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I have a 500GB hard drive formatted as ext3: /dev/sdc1.

The disk utility does not even see this. This warning is from GParted:

e2label: No such device or address while trying to open /dev/sdc1
Couldn't find valid filesystem superblock.
Couldn't find valid filesystem superblock.

dump2fs 1.41.9 (22-Aug-2009)
dumpe2fs: No such device or address while trying to open /dev/sdc1

Unable to read contents of this file system?
Because of this some operations may be unavailable.

Did I lose something during the upgrade of the system? Was it the hard drive or the Ubuntu system that went bad?

fdisk -l output:

  Disk /dev/sda: 250.1 GB, 250059350016 bytes
     Device Boot      Start         End      Blocks   Id  System
  /dev/sda1   *           1       29164   234259798+  83  Linux
  /dev/sda2           29165       30401     9936202+   5  Extended
  /dev/sda5           29165       30401     9936171   82  Linux swap / Solaris

  Disk /dev/sdb: 500.1 GB, 500107862016 bytes
     Device Boot      Start         End      Blocks   Id  System
  /dev/sdb1               1       59322   476503933+  83  Linux
  /dev/sdb2           59323       60801    11880067+   5  Extended
  /dev/sdb5           59323       60801    11880036   82  Linux swap / Solaris

  Disk /dev/sdc: 500.1 GB, 500107862016 bytes
     Device Boot      Start         End      Blocks   Id  System
  /dev/sdc1               1       59152   475138408+  83  Linux
  /dev/sdc2           59153       60801    13245592+   5  Extended
  /dev/sdc5           59153       60801    13245561   82  Linux swap / Solaris

  Disk /dev/sdd: 500.1 GB, 500107862016 bytes
     Device Boot      Start         End      Blocks   Id  System
  /dev/sdd1               1       60801   488384001   83  Linux

GParted screenshot:

enter image description here

share|improve this question
    
Recompile the kernel. It is the only way. – ta.speot.is Apr 23 '10 at 8:35
2  
@taspeotis: Are you a troll or are you trying to do something like a...joke? I can't tell right now and I'd really like to now for the future... – Bobby Apr 23 '10 at 8:44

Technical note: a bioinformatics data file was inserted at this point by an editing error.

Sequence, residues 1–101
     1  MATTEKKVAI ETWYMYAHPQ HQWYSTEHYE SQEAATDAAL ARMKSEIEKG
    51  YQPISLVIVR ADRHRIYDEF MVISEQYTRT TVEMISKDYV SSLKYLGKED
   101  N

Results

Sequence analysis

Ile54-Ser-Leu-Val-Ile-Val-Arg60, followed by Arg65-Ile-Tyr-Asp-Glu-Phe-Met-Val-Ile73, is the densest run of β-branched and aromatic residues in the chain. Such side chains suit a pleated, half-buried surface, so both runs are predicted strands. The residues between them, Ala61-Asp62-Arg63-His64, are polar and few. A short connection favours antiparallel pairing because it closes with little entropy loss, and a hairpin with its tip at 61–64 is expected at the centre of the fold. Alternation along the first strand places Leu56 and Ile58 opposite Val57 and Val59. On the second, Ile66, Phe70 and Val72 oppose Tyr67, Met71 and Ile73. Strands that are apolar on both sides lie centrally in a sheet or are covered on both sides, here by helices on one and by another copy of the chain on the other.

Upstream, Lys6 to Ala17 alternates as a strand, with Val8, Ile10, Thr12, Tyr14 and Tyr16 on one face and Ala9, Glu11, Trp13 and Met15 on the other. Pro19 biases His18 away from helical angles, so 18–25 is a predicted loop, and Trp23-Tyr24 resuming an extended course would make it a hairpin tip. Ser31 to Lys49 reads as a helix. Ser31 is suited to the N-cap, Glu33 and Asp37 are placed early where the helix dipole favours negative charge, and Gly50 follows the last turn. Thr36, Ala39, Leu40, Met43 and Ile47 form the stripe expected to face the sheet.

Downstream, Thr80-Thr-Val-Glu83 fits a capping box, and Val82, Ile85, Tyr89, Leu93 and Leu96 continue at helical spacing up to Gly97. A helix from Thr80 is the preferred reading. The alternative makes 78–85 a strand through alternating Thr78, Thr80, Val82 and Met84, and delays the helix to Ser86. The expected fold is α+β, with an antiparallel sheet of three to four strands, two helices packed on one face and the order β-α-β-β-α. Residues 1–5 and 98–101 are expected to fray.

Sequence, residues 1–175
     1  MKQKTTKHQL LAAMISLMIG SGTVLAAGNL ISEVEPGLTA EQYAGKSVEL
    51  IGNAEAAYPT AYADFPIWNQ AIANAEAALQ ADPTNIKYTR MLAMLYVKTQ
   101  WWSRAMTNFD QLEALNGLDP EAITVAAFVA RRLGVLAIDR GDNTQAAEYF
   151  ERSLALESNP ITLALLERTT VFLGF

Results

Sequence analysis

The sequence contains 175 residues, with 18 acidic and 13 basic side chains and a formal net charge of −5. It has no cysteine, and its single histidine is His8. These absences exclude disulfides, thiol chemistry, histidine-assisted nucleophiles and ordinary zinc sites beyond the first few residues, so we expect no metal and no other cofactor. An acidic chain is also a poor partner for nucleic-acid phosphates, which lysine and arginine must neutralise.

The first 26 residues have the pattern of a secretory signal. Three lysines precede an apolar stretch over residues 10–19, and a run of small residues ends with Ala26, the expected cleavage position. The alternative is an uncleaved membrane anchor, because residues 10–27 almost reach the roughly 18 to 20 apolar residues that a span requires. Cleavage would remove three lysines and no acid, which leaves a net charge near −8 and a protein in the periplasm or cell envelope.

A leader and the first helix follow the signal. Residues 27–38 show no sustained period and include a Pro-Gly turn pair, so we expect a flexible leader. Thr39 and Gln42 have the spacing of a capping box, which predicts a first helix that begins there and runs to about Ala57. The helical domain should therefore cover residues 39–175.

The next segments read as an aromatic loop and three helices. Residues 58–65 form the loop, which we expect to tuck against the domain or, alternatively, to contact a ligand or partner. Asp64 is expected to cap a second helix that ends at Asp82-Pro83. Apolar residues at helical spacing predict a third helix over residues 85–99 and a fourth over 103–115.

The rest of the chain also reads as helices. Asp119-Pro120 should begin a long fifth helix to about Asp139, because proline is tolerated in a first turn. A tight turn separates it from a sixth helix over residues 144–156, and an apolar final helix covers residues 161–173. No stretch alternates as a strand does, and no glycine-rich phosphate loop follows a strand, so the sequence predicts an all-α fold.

Could we please get the output of sudo fdisk -l? – Bobby Apr 23 '10 at 8:45
1  
changing kernels often changes the device used to address a harddrive. your drive probably isn't at /dev/sdc anymore -- maybe it's /dev/sda or /dev/sdb or /dev/sdx. you just have to figure out where it is now, and update whatever's trying to access it at the old device path. – quack quixote Apr 23 '10 at 9:03
    
@bobby its the sdc i want to remount without reformatting – Sean Apr 23 '10 at 9:03
up vote 1 down vote accepted

The partition is still there, but seems to be damaged for some reason. You can try to run a check, likefsck.ext3 or e2fsck on it, which should be able to repair it.

If that fails, you can also try TestDisk for rescuing your data.

share|improve this answer
    
what options would you recommend – Sean Apr 23 '10 at 9:34
    
@Sean: Something like fsck.ext3 -cf /dev/sdc1 should work. – Bobby Apr 23 '10 at 16:37
    
i got nothing with that, I then used testdisk and these instructions to use another superblock cgsecurity.org/wiki/Advanced_Find_ext2_ext3_Backup_SuperBlock it found about 10 superblocks but i got the same error message no matter which one i put in – Sean Apr 24 '10 at 21:56
    
@Sean: What is 'nothing'? – Bobby Apr 25 '10 at 15:41
    
sorry I had no luck mounting the drive while trying to use an alternate superblock – Sean Apr 26 '10 at 3:29

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